Future-proof the organization. As the crisis resolves, carriers can take a comprehensive approach to redesigning their operating models, to both reduce dependence on legacy operations and increase resilience during future events. This approach could include exploring geographic disaster recovery, site operational risk protocols, supply chain resilience (for example, business process outsourcing and vendor redundancy), and workforce flexibility. Finally, carriers may also consider introducing new products suitable for a recessionary economy, such as higher-face-value life insurance policies without a medical exam and basic and more price-competitive small-business insurance.
Organizing for resilience: A practical way to get started
Despite the significant uncertainty created by COVID-19, carriers cannot afford to wait and observe how the situation evolves. It is essential to rapidly deploy an ambitious, top-down resilience plan across the five stages, while engaging the full gamut of levers across the value chain. To execute and balance immediate action with flexibility to tackle evolving challenges, insurers can mobilize resources organized into three teams: a disruption office focused on resolve and stabilizing operations, a strategy office dedicated to resilience and return, and a transformation office to reimagine, reform, and embed the changes (exhibit).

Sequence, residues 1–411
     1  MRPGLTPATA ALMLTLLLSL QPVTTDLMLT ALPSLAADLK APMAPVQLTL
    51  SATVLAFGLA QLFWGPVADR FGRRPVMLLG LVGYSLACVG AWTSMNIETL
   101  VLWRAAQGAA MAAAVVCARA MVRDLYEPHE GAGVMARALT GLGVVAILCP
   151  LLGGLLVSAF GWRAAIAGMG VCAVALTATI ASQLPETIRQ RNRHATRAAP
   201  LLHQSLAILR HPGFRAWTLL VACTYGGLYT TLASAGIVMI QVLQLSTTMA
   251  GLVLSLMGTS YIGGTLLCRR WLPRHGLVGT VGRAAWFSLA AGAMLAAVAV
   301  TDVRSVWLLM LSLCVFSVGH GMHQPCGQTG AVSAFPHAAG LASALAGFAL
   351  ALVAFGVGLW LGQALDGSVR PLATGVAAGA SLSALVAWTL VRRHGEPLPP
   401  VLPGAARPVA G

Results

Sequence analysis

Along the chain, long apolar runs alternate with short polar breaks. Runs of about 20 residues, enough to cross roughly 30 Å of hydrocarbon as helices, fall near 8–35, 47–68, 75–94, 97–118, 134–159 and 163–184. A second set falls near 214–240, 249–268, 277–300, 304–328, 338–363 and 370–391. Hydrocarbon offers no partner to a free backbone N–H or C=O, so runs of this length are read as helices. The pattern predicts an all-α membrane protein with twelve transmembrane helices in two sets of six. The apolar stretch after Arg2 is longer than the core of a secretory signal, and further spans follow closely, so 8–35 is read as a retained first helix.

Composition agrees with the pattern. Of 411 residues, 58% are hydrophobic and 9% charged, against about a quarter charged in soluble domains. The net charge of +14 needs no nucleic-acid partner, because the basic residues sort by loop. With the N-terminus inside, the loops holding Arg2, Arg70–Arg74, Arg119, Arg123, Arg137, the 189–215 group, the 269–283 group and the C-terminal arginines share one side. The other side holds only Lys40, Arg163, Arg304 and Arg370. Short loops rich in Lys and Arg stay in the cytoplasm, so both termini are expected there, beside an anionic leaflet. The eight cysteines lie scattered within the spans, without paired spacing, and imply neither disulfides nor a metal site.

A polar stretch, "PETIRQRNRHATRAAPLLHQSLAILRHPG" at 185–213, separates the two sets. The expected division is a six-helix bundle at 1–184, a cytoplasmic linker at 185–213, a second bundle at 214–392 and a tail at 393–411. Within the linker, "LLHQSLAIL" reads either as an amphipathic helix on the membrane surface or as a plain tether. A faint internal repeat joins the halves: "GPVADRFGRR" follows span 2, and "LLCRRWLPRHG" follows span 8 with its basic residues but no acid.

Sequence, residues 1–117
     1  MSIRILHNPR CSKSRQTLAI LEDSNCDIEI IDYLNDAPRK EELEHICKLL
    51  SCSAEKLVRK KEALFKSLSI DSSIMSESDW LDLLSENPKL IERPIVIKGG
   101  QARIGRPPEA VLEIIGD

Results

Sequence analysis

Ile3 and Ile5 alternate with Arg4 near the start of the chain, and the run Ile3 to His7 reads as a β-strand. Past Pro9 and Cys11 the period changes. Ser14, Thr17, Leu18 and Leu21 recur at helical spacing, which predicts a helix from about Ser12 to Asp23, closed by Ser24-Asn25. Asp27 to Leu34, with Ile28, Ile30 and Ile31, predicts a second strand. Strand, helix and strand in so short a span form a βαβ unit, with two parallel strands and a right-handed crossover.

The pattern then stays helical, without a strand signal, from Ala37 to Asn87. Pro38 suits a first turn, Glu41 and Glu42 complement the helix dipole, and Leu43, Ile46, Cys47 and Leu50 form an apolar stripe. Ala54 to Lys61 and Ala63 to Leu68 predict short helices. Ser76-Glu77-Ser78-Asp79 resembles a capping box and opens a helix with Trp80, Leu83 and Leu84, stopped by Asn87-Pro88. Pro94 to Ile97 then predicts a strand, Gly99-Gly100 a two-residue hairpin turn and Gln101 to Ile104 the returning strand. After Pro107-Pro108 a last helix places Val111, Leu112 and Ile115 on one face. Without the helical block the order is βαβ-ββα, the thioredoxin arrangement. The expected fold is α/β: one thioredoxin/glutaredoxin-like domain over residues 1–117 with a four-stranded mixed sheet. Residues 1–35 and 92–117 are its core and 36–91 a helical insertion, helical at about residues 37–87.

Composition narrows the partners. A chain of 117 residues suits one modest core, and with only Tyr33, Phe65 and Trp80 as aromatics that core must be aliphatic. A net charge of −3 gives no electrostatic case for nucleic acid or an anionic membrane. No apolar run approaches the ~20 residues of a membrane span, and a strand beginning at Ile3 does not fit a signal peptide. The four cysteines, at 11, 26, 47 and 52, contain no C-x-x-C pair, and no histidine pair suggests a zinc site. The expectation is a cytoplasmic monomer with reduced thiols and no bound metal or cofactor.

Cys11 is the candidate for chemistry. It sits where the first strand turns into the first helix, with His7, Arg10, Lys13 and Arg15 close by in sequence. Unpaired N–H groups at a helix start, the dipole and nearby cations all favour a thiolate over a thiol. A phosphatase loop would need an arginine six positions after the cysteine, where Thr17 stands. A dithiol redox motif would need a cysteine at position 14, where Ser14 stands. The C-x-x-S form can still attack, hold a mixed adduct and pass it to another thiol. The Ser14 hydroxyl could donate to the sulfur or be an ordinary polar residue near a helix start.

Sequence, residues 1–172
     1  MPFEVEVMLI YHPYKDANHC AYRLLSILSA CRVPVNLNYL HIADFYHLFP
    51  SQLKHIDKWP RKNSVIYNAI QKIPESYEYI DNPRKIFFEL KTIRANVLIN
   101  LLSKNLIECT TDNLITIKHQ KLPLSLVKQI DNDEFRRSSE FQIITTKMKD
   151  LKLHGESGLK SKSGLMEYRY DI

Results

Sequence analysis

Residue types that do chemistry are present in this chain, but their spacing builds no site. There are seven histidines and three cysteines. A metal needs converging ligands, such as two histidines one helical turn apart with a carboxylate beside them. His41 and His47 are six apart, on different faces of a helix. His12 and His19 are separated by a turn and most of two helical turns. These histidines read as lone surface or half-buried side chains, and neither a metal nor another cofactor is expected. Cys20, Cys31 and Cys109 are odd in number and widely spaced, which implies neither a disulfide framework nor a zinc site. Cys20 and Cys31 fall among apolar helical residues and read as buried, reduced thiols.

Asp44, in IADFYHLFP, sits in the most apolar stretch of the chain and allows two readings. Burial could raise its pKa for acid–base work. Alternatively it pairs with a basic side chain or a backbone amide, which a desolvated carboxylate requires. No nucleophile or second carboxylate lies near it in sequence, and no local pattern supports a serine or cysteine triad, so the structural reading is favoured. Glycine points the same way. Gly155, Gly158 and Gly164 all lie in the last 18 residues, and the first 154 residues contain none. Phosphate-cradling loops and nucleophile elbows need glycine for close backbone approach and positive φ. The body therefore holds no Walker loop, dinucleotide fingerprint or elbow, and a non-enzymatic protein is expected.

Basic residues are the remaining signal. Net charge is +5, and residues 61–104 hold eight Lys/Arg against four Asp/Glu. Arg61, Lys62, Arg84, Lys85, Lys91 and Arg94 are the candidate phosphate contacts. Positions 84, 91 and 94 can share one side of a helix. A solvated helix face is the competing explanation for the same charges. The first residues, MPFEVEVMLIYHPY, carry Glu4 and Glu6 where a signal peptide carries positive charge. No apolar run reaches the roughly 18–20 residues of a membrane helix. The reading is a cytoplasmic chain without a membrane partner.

Disruption office: Stabilize operations (weeks 1–4):
Carriers that haven’t already done so should consider launching a disruption office, possibly led by the chief operating officer, which would be an integrated “nerve center” to ensure the adequate discovery of risks, coordinate the portfolio of remedial actions based on scenarios and triggers, and deploy sufficient resources where and when needed. The core objectives of this team would be to work through bottlenecks and keep the response moving while allowing autonomy for core operations to maintain continuity and for strategists to think about the future road map.